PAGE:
Calypso, with its peppery lyrics and percolating rhythms synonymous with the Caribbean, long has been dominated by

artists whose ferocious stage names reflect the competitive nature of the realm: Lord Invader, Tiger, Roaring Lion, Mighty Destroyer, Attila the Hun. Yet it was a Birdie who became Calypso King of the World.

The Mighty Sparrow, affectionately known as the Birdie, is an icon everywhere calypso's infectious tendrils reach, from its origins in Trinidad to the communities of Caribbean expats scattered around the globe.

Although he's now 75 and no longer jousts in the competitions he's won innumerable times, Sparrow still takes his band around the world, including a rare Minneapolis stop Thursday at the Dakota Jazz Club. He'll be joined by more royalty in Calypso Rose, arguably the queen of modern calypso.

So how did the King, whose dozens of titles and sobriquets include honorary doctorates and at least one African chieftainship, adopt the name of a diminutive fowl?

"I used to be dancin' around the stage," Sparrow explained in his lilting, Trinidadian accent. "And these guys [other calypsonians], they were more standing like a lawyer in a court, making their case. Whereas I used to be making my case pretty much on wheels, from one end of the stage to the next. Some of them were angry because they were not as agile on the stage as I was. They was makin' the joke, and tryin' to turn it back on me: 'Why don't you stand and sing like everybody else? You keep jumpin' around as a damn sparrow.' ... After a while I said, well, I'll keep it."

Sparrow spoke by phone from his home in Jamaica; not the island, but the area of Queens, N.Y., where he has long resided, splitting his time between there and Trinidad.

Actually, he was born Slinger Francisco in a fishing village on the island of Grenada. When he was an infant, his parents moved to Port of Spain, where he learned his mellifluous singing style as a choir boy.

He became fascinated with calypso as a teenager, and was 20 when he earned the "Mighty" appendage by scoring a major hit in 1956 with "Jean and Dinah," which in calypso tradition reflected current events, included pointed commentary and employed a dose of humor then bordering on risqué.

"There's so many things you can make a song about," Sparrow said. "They started these things long before me. I kept in the same vein, singin' about the girls that come out at night trying to make a living. There was a U.S. military base on Trinidad. And you know when you have the military around, you can make money. Heh, heh. So I made a couple of songs. All the girls wait until the soldiers come there and be nice to them and get some money: 'Jean and Dinah, Rosita and Clementina, round the corner posing...'"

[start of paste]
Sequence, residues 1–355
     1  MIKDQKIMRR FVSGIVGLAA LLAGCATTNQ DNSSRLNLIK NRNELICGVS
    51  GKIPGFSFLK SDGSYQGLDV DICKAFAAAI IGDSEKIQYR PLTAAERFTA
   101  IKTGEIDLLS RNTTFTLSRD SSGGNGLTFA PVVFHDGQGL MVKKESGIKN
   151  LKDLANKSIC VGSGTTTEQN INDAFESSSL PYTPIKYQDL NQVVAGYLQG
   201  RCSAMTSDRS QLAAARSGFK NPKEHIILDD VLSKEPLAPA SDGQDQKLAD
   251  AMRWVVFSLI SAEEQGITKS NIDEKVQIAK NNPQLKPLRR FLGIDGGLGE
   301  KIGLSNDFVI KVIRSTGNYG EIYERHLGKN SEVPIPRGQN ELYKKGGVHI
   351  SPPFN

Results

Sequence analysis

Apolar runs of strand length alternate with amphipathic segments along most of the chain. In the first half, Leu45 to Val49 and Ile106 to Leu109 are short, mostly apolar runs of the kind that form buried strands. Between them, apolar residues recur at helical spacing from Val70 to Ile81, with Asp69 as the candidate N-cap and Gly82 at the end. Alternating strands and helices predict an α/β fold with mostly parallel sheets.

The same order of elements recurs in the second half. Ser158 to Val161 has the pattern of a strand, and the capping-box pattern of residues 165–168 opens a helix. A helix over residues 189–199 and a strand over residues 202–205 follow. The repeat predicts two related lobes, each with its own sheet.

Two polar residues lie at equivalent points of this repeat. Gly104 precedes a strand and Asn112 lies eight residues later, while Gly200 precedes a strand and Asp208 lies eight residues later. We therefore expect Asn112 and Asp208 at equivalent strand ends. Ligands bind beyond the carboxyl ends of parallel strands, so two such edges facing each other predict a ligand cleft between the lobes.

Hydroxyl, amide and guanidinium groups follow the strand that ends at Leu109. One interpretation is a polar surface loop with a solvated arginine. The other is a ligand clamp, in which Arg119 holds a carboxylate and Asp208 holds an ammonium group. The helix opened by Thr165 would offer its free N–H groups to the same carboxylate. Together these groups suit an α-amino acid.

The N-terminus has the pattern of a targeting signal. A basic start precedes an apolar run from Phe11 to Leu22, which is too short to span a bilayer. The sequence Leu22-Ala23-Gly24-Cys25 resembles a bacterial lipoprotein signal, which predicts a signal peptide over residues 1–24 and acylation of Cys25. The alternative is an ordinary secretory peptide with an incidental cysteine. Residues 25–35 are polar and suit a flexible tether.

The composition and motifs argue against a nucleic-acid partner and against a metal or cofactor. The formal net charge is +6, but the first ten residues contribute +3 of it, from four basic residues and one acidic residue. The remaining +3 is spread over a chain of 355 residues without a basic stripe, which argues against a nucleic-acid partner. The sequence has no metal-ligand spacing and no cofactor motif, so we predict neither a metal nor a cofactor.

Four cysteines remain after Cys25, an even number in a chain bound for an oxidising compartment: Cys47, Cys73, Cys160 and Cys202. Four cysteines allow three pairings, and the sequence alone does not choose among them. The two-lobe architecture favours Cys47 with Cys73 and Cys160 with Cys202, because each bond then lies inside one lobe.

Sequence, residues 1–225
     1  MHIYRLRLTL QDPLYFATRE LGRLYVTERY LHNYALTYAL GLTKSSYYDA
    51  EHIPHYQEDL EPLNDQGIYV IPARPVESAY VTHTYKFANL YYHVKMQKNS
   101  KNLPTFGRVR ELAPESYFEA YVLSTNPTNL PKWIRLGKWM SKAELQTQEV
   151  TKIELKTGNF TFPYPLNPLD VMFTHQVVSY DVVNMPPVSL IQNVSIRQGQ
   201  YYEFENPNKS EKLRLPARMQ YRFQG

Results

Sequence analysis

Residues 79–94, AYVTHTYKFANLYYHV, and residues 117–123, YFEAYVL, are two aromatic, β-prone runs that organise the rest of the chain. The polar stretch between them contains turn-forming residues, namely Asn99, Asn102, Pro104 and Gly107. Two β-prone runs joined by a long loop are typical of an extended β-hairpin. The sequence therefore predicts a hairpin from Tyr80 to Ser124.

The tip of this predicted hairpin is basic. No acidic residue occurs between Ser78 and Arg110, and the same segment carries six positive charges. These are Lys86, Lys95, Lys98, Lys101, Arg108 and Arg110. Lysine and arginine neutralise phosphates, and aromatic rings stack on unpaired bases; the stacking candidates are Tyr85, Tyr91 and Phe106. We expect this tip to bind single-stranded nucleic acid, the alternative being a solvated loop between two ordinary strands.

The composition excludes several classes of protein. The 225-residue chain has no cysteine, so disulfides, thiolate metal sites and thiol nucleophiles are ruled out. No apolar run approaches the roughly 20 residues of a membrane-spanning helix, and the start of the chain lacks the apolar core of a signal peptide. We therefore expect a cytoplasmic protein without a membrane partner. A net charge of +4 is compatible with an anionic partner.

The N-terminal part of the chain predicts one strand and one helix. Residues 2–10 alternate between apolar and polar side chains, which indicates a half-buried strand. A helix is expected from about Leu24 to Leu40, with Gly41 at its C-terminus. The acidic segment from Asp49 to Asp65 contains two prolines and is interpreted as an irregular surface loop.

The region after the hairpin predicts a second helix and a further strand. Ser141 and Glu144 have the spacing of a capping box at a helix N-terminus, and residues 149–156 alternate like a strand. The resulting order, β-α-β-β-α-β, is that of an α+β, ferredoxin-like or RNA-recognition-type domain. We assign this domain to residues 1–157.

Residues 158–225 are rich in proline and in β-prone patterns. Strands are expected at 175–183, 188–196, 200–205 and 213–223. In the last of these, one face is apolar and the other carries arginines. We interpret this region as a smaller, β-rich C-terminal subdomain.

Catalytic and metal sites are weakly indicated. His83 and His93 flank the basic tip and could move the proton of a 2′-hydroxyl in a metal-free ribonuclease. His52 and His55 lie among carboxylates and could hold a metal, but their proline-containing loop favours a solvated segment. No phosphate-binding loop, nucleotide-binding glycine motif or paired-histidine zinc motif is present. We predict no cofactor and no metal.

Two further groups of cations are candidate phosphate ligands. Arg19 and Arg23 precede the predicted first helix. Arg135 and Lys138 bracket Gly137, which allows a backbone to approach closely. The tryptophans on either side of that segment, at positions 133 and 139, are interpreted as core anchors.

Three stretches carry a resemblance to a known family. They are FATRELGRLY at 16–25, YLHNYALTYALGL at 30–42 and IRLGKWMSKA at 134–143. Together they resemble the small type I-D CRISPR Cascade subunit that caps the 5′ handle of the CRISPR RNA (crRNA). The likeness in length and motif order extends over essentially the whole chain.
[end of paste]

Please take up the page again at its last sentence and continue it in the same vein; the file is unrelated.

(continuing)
Sparrow sang these last few lines, among many sing-along choruses that are highlights of his performances. His clever wordplay, sharp lyrical hooks, enthralling vocals and dynamic, dance-inducing arrangements all combined to help Sparrow rule the calypso roost. But he also had a serious side that produced politically influential songs, particularly around the time Trinidad and Tobago became a nation in 1960.

"I don't want to sing just anything of no consequence," he said. "I used to write a whole bunch of nation-building songs. I've had a lot of nice songs that can help keep the youngsters on the go: "Education" is one, "Try Again" is another one." One of the latest ones is 'Barack the Magnificent.' What we saw in him was: 'Stop the war/ Stop genocide in Darfur.' That was my song to remember him. 'No matter what, have health care for who have not/ The foreign relations committee/ can attest to his tenacity.'"

Reciting lyrics over the phone is a far cry from the charismatic Sparrow singing  the same lines over an infectious beat. Besides, in performances he likes to evoke the spirit of Carnival.

"You got to keep the audience laughing," he said. And the Dakota's likely will at the exchanges between Sparrow and Calypso Rose, a Tobago native born McArtha Lewis, who in 1978 became the first woman crowned Calypso King (thereafter Calypso Monarch).

"We can even go one-on-one improvisation," Sparrow promised. "Sometimes you get a lot of insults and that, but that's the name of the game: I try to knock you out with lyrics, and somebody else doing the same thing."

It's a good-natured custom that always delights fans.

"We always try to make life happy," he said. "It's a good thing so far."